Jury selection in Ga. election interference trials begins Friday
450 jurors summoned for Donald Trump allies Sidney Powell, Kenneth Chesebro
ATLANTA, Ga. (Atlanta News First) - Jury selection in American history’s first criminal trials with direct ties to an ex-president’s alleged attempts to overturn an election will begin Friday in Atlanta.
A five-month trial is expected for Kenneth Chesebro and Sidney Powell, two of the 19 co-defendants in Donald Trump’s historic Fulton County indictment, according to Fulton County Superior Court Judge Scott McAfee.
During a Monday hearing, McAfee said 450 potential jurors have been summoned to appear at 7 a.m. on Friday, who will also then fill out questionnaires that will be uploaded electronically later in the day.
Both Powell and Chesebro filed motions asking for a speedy trial, motions that were eventually approved by McAfee, who is presiding over the massive case. McAfee, who is presiding over the case, decided Trump and his other 16 co-defendants will be tried together at a later date that has yet to be determined.
Trump and 18 others are charged with participating in an alleged criminal conspiracy designed to overturn Georgia’s lawful 2020 presidential election results. The massive, racketeering-related indictment was announced in August by Fulton County District Attorney Fani Willis.
Chesebro and Powell are both former Trump campaign attorneys.
Prosecutors have said the attorney worked with Georgia Republicans in the weeks after the November 2020 election at the direction of Trump’s campaign. Chesebro worked on the coordination and execution of a plan to have 16 Georgia Republicans sign a certificate declaring Trump won and declaring themselves the state’s “duly elected and qualified” electors.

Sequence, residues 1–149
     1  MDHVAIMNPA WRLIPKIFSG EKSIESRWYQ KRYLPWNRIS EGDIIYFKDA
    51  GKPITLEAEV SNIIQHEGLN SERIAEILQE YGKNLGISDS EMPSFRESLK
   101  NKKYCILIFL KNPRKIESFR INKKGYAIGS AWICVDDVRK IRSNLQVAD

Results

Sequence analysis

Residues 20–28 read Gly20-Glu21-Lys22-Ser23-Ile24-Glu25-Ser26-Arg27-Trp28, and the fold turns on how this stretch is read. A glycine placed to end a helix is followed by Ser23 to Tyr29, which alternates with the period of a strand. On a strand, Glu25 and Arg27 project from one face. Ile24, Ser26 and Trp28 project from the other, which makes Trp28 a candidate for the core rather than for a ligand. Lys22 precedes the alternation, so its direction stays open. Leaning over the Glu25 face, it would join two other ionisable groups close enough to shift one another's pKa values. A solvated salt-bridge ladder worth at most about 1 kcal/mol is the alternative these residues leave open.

Powell was part of a group who met at the South Carolina home of conservative attorney Lin Wood in November 2020 “for the purpose of exploring options to influence the results of the November 2020 elections in Georgia and elsewhere,” prosecutors have said.
Wood, who’s licensed in Georgia, said Powell asked him to help find Georgia residents to serve as plaintiffs in lawsuits contesting the state’s election results. Additionally, emails and documents obtained through subpoenas in an unrelated lawsuit have shown that Powell was involved in arranging for a computer forensics team to travel to rural Coffee County, about 200 miles southeast of Atlanta, to copy data and software from elections equipment there in January 2021.
Willis had been seeking to try all of the co-defendants in one trial, an effort that was brought to a screeching halt when McAfee agreed to allow Powell and Chesebro to be tried separately from the others named in Willis’ indictment.
McAfee has recently ruled that attorneys for Powell and Chesebro can question the grand jurors who handed down the historic indictments.
“The Court will guide and maintain oversight over these interviews,” McAfee’s ruling said, and questions to the grand jurors must be submitted within the next three days.
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